But there's another complicating factor at work: leverage. Many people with good jobs, sound income and what at one time probably felt like very little debt load are discovering that they were in reality far more leveraged than they realized.
Many of these people may have borrowed against their homes, which had seen rich appreciations in value from the late 1990s to 2005, and used that money to finance other investments. Now that those assets have declined by as much as 20% in some cases, much more in others, they are discovering the downside to hidden leverage.
Consider the following very reasonable scenario. A couple in the first half of his decade is sitting on a 250,000 mortgage on a house valued at 500,000. They have 50% home equity, good income, some savings and investments and are considering possibly purchasing a weekend getaway in the mountains, or near a lake. They aren't millionaires. They just want to find a modest little cabin in the woods near a lake or hidden deep in the mountains somewhere.
They have plenty of cash on hand, having recently taken out a 50,000 home equity line of credit (bringing their mortgage total to 300,000 on a 500,000 valued house), so they find a small cottage near a lake for a pretty reasonable price, say, 150,000. They want to be safe so they put a full 20% down, 30,000.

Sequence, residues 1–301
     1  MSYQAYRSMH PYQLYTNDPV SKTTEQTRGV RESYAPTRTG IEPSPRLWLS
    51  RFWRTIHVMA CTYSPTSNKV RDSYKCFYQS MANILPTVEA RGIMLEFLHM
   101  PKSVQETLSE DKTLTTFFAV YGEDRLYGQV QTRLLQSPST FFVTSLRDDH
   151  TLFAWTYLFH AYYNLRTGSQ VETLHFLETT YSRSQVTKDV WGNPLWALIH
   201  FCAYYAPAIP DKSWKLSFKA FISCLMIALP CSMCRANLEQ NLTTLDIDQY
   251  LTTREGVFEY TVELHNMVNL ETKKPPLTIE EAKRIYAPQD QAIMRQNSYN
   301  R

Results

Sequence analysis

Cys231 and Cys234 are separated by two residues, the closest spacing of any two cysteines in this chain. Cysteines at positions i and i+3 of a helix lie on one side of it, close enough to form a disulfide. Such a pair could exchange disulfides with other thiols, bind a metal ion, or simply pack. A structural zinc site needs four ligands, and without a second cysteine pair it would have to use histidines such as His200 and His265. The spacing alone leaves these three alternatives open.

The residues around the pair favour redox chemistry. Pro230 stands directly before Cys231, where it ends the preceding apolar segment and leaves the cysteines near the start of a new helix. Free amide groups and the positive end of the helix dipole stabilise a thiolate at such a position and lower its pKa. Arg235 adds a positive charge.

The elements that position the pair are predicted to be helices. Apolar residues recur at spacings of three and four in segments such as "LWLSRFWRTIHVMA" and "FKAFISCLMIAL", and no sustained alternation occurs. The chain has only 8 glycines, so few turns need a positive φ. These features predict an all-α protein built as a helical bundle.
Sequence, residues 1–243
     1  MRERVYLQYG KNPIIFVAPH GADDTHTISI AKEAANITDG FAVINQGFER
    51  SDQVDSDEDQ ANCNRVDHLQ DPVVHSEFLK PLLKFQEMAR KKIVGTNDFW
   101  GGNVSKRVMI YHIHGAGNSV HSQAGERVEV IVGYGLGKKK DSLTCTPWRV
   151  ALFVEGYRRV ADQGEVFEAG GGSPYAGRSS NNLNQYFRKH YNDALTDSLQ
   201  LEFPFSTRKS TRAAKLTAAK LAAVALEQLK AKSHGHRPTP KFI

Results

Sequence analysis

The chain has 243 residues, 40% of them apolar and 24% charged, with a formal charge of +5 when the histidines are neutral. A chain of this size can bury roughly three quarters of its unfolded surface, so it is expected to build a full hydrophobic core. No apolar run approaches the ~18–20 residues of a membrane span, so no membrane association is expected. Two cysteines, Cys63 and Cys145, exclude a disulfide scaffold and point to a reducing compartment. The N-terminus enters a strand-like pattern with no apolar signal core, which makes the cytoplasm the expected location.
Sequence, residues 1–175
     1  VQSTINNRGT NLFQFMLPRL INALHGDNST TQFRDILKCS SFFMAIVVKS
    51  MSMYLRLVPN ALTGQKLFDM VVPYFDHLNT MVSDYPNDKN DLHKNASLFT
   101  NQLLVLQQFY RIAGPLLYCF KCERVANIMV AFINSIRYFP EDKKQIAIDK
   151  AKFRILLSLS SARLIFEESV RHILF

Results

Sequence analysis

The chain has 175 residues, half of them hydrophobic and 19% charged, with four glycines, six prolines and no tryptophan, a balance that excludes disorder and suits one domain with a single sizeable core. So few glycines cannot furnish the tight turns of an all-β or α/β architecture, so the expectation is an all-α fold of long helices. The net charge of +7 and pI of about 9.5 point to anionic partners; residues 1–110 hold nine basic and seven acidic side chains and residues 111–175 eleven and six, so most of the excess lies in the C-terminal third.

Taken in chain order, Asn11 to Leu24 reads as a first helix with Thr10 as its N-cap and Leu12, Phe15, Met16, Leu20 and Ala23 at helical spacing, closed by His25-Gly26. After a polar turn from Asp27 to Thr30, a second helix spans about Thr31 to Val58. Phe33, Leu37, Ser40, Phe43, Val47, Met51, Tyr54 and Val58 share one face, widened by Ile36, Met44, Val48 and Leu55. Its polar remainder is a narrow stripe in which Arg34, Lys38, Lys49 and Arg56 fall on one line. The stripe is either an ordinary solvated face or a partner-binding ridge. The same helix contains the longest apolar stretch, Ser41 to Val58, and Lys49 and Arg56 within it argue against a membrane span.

Now, let's revisit this situation a couple of years later. They owe 300,000 on their primary residence, which after a 20% hit is worth only 400,000. They owe 120,000 on their cabin, which is now worth 120,000. All told, in a little less than three years, this couple with a good job, sound income and relatively little debt relative to their assets has gone from having 50% equity in their primary residence to 25%, added 120,000 to their overall debt load and have zero equity in their weekend getaway.
What did they do wrong? Not much. If they had embarked on that path 15 years ago this would be cause for discomfort, not cause for despair. But because they were misled by monetary policy makers as to the true underlying demand for assets, and consequently made what appeared at the time to be very reasonable investments based on those policies, they have gone from having a very healthy debt ratio to living on the wire, without any margin for error in the event of job loss, health issue or other unforeseen financial mistake.
In so many words, people continue to make potentially harmful investment decisions based on erroneous expectations, and are motivated by what their neighbors might be doing, or what the latest newsletter told them they must do, more than by their little (emphasis on 'little') inner voice of reason. Well, no surprise there. As reliable a pattern as one could ask for. Ahhh, to be a psychiatrist or Suze Orman these days....